British Inflation Marching to a Faster Beat

September 12, 2017

The U.K. is not displaying the subdued inflation found in most other developed economies. The August batch of British price data revealed a 0.6% monthly advance in total consumer prices and an acceleration of its 12-month increase to 2.9% from 2.6% in both June and July. Core CPI inflation rose 0.3 percentage points (ppts) to 2.7% and exceeded expectations by 0.2 percentage points. Retail price inflation accelerated 0.3 ppts to 3.9%, and core RPI went up 0.2 ppts to 4.1%. Producer price output inflation climbed 0.2 ppts to 3.4%, and producer input inflation of 7.6% in August was 1.4 ppts greater than July’s result. House price inflation in July was 5.1%.

Evidence is accumulating that the advent of Brexit is depressing British growth while lifting inflation, the latter trend resulting from sterling’s slide from $1.50 just before the Brexit referendum in June 2016. The end of this month will complete a quarter of the 2-year allotted time schedule for negotiating Britain’s exit from the EU, and nothing substantial has yet emerged from this process.

The dollar fell 0.8% against sterling overnight. Higher U.K. inflation means the Bank of England may have fewer degrees of freedom to offset weakening British growth, and it implies more elevated British interest rates.

Long-term interest rates advanced overnight. 10-year sovereign debt yields climbed 4 basis points in Germany and 3 bps in both the U.K. and Japan.

The dollar rallied Monday on relief that property damage from Hurricane Irma is going to be much less than predicted and from North Korea standing down, at least temporarily, from provocative missile testing. But today, the dollar appears to be running out of steam. Besides the aforementioned slide against sterling, the U.S. currency has also weakened 0.7% relative to the kiwi, 0.2% versus the peso and 0.1% vis-a-vis the yuan. Appreciation overnight versus the yen, Swissy, euro and loonie has been 0.3% or less.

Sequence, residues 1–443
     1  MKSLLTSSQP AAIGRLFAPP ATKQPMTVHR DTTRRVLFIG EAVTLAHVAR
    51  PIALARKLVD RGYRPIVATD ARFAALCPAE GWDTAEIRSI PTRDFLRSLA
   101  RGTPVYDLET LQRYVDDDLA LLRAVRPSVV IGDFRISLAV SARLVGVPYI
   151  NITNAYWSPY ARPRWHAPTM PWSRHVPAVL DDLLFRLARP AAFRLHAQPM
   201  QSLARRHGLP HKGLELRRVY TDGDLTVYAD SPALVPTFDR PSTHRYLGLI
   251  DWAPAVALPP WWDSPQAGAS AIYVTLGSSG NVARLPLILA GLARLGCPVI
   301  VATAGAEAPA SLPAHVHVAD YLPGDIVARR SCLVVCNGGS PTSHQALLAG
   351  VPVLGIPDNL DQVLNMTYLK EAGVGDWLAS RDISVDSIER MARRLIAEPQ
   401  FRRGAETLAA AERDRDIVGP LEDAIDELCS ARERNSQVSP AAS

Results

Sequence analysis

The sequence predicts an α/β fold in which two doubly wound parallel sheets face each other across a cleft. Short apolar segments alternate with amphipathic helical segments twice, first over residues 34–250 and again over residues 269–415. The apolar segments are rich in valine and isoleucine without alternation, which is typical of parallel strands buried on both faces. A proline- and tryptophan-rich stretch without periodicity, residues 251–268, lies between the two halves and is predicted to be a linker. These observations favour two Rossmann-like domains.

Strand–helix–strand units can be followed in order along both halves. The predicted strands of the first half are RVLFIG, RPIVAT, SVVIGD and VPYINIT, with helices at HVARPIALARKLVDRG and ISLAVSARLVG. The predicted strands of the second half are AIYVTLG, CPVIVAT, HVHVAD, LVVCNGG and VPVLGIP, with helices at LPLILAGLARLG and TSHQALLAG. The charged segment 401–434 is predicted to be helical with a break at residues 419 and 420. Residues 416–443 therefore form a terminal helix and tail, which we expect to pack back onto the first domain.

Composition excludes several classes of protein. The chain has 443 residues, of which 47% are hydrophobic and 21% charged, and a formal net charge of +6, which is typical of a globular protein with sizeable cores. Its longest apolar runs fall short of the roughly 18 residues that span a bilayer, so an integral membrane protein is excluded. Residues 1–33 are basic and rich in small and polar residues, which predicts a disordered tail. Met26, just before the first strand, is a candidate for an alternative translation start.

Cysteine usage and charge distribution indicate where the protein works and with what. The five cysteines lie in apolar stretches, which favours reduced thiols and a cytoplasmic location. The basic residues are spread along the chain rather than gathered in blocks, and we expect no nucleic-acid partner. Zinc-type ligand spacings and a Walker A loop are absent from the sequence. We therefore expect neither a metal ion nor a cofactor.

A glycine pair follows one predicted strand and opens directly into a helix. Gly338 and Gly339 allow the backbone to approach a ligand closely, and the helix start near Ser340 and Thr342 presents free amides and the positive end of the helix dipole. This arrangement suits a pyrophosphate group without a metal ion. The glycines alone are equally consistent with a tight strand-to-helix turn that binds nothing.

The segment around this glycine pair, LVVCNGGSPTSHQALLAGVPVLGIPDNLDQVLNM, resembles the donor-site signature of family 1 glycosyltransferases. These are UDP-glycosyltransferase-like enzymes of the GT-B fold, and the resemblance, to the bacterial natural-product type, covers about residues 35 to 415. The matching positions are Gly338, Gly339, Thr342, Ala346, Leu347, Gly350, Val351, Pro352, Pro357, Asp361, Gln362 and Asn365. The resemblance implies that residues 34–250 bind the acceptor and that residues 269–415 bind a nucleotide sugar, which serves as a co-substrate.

The retreat of gold has been more persistent. The yellow metal, a natural haven against natural disaster risk, fell another 0.6% to $1,327.90 per ounce. And with damage to gulf refineries less than feared, WTI oil has settled back 0.3% to $47.94 per barrel.

Following Monday’s rally in North American equities, stocks overnight rose 1.2% in Japan, 0.9% in India, 0.6% in Australia, and 0.4% in Taiwan and Hong Kong. Gains in Europe thus far amount to 0.8% in Greece, 0.7% in Switzerland, 0.6% in Germany and France and 0.3% in Spain and Italy. But the British Ftse is off 0.3%.

Small business sentiment in the United States according to the NFIB index edged up 0.1 point to a 6-month high of 105.3.

While Australian business conditions according to the NAB index rose a point in August to +15, which matches June’s high for this year, business confidence sank 7 points to +5, which is a low for 2017.

Other countries also reported consumer price data. In the year to August, such rose 2.3% in Sweden, 1.1% in Portugal, 0.5% in Cyprus, and 1.2% in Romania.

Retail sales in the year to July increased 2.6% in Turkey and 1.8% in Singapore.

Industrial production was 8.2% greater in July in Romania than a year before but posted a 1.5% decline over the same 12 month period in Mexico.

Both the German leading and coincident indices of economic indicators stagnated in July.

French employment rose 0.4% on quarter during 2Q17, a tad less than forecast. The Italian jobless rate was 11.2% at midyear, while Danish unemployment climbed to 4.5% in July from 4.3% in June.

Apple’s latest I-phone gets released today. It’s only been a decade since the first I-phone was unfolded. Perhaps no other development has been as responsible as smart phone technology for the social and economic tensions currently around the world.

The U.S. Labor Department’s monthly index of job openings, hires, and separations will be reported today.

Copyright 2017, Larry Greenberg. All rights reserved. No secondary distribution without express permission.

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